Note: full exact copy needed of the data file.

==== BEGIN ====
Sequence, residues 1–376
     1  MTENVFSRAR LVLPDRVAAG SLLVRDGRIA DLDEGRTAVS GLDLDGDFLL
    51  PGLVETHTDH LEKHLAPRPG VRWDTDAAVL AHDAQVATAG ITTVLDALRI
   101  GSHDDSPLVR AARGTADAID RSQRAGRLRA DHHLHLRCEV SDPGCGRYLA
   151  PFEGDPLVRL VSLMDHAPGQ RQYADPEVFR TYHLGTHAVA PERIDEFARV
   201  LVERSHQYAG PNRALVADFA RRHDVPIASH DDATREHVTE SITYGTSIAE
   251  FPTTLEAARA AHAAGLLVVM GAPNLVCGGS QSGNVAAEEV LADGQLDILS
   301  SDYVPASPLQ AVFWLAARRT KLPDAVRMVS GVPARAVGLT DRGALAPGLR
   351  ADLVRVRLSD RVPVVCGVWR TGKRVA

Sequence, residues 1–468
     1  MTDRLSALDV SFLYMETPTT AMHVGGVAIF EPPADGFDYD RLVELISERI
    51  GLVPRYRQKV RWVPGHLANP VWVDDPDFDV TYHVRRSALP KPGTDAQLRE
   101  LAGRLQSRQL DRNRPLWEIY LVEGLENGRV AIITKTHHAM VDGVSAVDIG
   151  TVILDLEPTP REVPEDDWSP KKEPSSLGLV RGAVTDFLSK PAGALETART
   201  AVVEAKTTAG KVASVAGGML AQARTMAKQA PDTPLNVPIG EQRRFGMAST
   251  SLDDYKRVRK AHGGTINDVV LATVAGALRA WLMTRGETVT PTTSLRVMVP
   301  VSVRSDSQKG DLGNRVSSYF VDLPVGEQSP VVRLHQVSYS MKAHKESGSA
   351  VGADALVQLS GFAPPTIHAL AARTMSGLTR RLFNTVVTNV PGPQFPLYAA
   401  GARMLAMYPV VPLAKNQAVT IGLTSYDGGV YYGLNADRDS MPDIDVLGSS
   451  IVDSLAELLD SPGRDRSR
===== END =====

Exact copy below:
Sequence, residues 1–376
     1  MTENVFSRAR LVLPDRVAAG SLLVRDGRIA DLDEGRTAVS GLDLDGDFLL
    51  PGLVETHTDH LEKHLAPRPG VRWDTDAAVL AHDAQVATAG ITTVLDALRI
   101  GSHDDSPLVR AARGTADAID RSQRAGRLRA DHHLHLRCEV SDPGCGRYLA
   151  PFEGDPLVRL VSLMDHAPGQ RQYADPEVFR TYHLGTHAVA PERIDEFARV
   201  LVERSHQYAG PNRALVADFA RRHDVPIASH DDATREHVTE SITYGTSIAE
   251  FPTTLEAARA AHAAGLLVVM GAPNLVCGGS QSGNVAAEEV LADGQLDILS
   301  SDYVPASPLQ AVFWLAARRT KLPDAVRMVS GVPARAVGLT DRGALAPGLR
   351  ADLVRVRLSD RVPVVCGVWR TGKRVA

Sequence, residues 1–468
     1  MTDRLSALDV SFLYMETPTT AMHVGGVAIF EPPADGFDYD RLVELISERI
    51  GLVPRYRQKV RWVPGHLANP VWVDDPDFDV TYHVRRSALP KPGTDAQLRE
   101  LAGRLQSRQL DRNRPLWEIY LVEGLENGRV AIITKTHHAM VDGVSAVDIG
   151  TVILDLEPTP REVPEDDWSP KKEPSSLGLV RGAVTDFLSK PAGALETART
   201  AVVEAKTTAG KVASVAGGML AQARTMAKQA PDTPLNVPIG EQRRFGMAST
   251  SLDDYKRVRK AHGGTINDVV LATVAGALRA WLMTRGETVT PTTSLRVMVP
   301  VSVRSDSQKG DLGNRVSSYF VDLPVGEQSP VVRLHQVSYS MKAHKESGSA
   351  VGADALVQLS GFAPPTIHAL AARTMSGLTR RLFNTVVTNV PGPQFPLYAA
   401  GARMLAMYPV VPLAKNQAVT IGLTSYDGGV YYGLNADRDS MPDIDVLGSS
   451  IVDSLAELLD SPGRDRSR